What It’s Like to Have a Record Deal and Justin Bieber For a Fan at Age 14


Do you write a lot of your music from experience? Or is it more imagination?

Half and half. Now it’s more experience. [When] I started off, I really never had a story to tell. I had to kind of make up stories and fit it into the song vibe. But I also think that’s what helped me get good at music and other aspects like writing, too. I think it’s good to do a little bit of storytelling. I’ve been writing stories since I was super little.

When you were in L.A., you did your first live performance at Emo Nite. What was that like?

Leading up to it, I was super scared. We did a lot of rehearsing and stuff. And I was just super scared of the people, but I think the second I stepped on stage everything just numbed out. I don’t know why. I think I was so nervous that I was just not nervous anymore. I just went out there and acted like I was performing in my living room in front of my mom, like I did when I was 3. And apparently I killed it. I don’t even remember. I went back and watched some of the videos, but I’m still kind of scared of what I did.

That seems pretty intimidating.

I didn’t really know how [concerts] worked. I mean, I’d watch them on YouTube and stuff but I didn’t know if people really had to go crazy like that.

You have a new single out now, “I Will Wait.” How do you feel it compares with what you released previously?

It has a little euphoric type vibe to it. It’s definitely different than a lot of stuff I’ve been making recently. Honestly all the music I have out was made like last winter so I’m glad to put out some music since I’ve grown.

On one of your most recent songs, “Too Fast,” you collaborated with another teenaged artist, Matt Ox. Did you guys get to know each other very well?

He hit me up last March. I already had a song done and he was like, “Send me an open. I really like your music.” We’ve just been talking a lot since then. He’s probably one of my better friends in the industry. My mom and his mom are really good friends. Super cool.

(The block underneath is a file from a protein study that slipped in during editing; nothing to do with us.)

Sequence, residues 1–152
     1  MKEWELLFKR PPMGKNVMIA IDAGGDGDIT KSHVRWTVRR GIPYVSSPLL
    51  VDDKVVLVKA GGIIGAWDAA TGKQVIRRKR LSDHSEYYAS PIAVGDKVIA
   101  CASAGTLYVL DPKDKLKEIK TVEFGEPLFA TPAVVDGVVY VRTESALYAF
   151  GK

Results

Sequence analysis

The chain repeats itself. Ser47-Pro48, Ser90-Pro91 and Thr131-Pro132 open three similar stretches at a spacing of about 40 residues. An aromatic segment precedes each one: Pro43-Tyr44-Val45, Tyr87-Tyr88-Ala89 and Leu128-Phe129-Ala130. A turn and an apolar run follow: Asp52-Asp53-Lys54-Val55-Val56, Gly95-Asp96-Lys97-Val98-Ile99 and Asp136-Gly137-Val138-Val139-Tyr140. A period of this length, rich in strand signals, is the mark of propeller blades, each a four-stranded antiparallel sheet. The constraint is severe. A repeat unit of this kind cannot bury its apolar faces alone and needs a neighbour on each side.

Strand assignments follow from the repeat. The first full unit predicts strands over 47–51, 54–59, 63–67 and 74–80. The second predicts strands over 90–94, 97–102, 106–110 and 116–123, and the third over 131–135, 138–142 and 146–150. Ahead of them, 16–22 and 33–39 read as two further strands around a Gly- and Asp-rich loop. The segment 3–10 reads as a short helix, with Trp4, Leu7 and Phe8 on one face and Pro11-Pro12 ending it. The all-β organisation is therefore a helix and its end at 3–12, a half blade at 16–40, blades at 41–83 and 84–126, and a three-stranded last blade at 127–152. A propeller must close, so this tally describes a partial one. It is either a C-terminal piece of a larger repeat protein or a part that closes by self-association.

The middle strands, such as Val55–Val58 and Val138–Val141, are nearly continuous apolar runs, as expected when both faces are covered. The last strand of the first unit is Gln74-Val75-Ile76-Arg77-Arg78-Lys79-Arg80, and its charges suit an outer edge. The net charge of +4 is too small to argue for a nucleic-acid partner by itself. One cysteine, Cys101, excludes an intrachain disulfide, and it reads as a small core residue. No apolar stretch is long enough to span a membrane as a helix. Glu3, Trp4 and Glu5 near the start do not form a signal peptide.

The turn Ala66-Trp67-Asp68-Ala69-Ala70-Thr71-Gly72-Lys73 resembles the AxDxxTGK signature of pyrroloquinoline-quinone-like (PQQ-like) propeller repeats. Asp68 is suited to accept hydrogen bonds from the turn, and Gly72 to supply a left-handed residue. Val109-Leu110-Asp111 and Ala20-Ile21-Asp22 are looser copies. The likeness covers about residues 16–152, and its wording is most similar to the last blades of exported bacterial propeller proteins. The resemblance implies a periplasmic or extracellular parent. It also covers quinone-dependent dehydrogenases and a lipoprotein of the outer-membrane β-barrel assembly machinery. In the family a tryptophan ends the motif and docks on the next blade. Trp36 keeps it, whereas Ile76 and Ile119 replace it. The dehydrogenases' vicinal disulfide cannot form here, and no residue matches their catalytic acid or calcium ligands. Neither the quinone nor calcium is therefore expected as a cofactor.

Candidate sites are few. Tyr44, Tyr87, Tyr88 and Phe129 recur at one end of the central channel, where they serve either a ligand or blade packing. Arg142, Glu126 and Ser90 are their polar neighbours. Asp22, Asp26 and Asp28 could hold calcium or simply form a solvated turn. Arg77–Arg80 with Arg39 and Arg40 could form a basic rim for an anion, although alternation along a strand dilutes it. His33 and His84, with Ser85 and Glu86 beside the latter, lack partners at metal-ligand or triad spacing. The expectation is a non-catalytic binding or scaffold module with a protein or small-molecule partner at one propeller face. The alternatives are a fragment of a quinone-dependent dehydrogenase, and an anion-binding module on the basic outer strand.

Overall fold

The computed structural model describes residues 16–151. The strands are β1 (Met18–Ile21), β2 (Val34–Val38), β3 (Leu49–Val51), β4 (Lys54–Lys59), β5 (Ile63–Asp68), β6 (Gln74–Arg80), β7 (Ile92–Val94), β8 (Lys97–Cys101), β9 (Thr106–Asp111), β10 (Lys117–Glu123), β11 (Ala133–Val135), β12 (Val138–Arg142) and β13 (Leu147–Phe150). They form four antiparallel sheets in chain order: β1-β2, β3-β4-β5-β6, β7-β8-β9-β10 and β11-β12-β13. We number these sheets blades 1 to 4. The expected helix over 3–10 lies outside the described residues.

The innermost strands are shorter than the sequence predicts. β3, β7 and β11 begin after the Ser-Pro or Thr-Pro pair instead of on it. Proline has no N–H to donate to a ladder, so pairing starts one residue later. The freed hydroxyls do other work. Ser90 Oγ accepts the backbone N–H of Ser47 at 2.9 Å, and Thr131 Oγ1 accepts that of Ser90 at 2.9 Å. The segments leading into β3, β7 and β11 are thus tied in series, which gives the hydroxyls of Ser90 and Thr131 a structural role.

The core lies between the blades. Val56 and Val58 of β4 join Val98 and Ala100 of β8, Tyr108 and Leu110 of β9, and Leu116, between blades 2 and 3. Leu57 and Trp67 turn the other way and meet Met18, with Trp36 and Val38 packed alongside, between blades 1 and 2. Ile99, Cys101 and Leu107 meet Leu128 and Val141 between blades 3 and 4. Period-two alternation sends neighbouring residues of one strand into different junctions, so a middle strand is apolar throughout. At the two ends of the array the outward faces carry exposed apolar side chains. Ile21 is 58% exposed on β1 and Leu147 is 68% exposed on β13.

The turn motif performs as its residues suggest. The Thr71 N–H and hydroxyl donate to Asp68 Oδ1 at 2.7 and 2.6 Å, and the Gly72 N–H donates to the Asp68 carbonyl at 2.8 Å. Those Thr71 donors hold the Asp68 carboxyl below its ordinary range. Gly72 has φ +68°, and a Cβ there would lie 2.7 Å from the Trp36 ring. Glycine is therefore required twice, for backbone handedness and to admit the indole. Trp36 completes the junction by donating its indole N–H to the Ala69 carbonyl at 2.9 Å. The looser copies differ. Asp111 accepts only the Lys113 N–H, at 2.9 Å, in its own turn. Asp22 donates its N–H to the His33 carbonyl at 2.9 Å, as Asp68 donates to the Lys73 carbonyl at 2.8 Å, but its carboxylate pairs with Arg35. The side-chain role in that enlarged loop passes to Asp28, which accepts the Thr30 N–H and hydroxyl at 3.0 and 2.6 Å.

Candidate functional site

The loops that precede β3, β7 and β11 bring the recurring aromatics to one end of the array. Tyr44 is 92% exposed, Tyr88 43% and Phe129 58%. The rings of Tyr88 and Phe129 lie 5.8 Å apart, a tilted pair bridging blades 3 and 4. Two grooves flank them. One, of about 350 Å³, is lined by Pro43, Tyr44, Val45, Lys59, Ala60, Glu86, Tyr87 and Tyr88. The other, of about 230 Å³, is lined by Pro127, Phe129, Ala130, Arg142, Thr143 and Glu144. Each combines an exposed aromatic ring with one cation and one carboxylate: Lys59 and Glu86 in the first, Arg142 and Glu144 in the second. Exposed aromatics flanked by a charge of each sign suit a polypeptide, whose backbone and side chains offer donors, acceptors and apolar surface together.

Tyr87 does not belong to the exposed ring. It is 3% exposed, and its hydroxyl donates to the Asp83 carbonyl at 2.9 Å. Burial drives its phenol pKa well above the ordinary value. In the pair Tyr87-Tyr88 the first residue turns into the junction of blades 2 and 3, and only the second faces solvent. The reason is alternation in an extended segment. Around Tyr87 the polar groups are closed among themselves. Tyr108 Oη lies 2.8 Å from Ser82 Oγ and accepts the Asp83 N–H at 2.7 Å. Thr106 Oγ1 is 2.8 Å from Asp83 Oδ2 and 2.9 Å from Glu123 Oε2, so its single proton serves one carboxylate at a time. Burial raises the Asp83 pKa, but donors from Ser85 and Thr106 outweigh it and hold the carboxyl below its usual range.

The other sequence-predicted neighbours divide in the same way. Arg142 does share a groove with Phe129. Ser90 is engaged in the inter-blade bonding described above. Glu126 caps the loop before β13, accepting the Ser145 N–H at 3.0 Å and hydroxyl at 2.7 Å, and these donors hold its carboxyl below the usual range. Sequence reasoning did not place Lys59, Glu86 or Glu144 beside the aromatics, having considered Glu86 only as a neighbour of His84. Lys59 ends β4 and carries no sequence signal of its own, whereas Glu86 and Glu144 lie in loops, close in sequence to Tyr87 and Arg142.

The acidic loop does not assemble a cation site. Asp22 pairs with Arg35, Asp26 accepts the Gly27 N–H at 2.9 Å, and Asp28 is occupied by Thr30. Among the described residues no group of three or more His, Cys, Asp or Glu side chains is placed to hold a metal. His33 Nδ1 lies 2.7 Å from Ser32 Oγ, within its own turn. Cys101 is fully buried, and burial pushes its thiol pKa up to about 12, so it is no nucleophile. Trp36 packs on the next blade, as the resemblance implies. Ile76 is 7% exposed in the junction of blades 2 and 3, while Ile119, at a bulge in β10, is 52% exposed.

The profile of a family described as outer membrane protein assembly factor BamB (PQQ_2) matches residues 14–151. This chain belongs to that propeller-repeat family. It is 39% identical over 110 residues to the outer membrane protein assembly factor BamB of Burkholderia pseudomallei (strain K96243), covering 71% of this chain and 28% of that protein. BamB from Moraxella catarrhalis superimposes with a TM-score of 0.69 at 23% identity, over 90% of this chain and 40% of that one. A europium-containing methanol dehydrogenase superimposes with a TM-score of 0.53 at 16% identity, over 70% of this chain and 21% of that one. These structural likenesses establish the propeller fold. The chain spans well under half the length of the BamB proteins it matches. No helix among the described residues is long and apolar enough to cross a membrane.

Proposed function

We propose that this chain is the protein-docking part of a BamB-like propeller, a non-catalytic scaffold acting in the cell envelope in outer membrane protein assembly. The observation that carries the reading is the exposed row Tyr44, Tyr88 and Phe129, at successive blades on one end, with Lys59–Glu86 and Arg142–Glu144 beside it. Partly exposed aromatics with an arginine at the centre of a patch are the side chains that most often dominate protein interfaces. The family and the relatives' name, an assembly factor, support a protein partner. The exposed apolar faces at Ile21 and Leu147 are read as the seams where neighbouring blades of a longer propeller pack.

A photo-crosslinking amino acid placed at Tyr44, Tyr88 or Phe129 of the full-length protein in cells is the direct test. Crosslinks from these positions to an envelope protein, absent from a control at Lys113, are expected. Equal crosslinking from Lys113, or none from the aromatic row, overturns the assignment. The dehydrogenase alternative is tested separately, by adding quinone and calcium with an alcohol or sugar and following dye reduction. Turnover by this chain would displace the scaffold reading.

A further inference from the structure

There’s a whole crop of other artists, like Olivia Rodrigo for instance, who’ve gotten famous as teenagers. Have you learned any lessons from their examples?

I think I’ve learned a lot from their mistakes — more [from artists] on the underground, not like Olivia Rodrigo. Olivia’s killed it. I love Olivia. Shout out Olivia. But I’m learning from their mistakes. Another thing that helped me is they’re also getting hate. I’m not the only person in the world who’s getting hate, so that helps me out a lot.

So you just started high school. Is that correct?

Oh, I’m homeschooled [now]. I just became homeschooled. It was really just a problem of trying to find a school to go to and I was running out of time. So I was just like, I might as well home school.

Is that a hard transition to have to make?

I’ve been more bored. I definitely kind of miss it. It would be super cool to be making music and like, oh, guys, I’m missing Friday because I have a show, and just come back to school the next Monday. That’d be super cool. I know a bunch of my friends, like Baby Santana, are in real-life school. It seems like it’s pretty cool for them.

Being as young as you are, are you cognizant of, say, doing too much too soon and not letting things get too carried away?

Yeah, I’m definitely taking breaks and just having fun. That’s a thing I’ve always been scared of, getting burned out. I haven’t gotten burned out yet. But I know that happens to a lot of younger artists and I really don’t want that to happen to me. I want to make music for as long as I can live.



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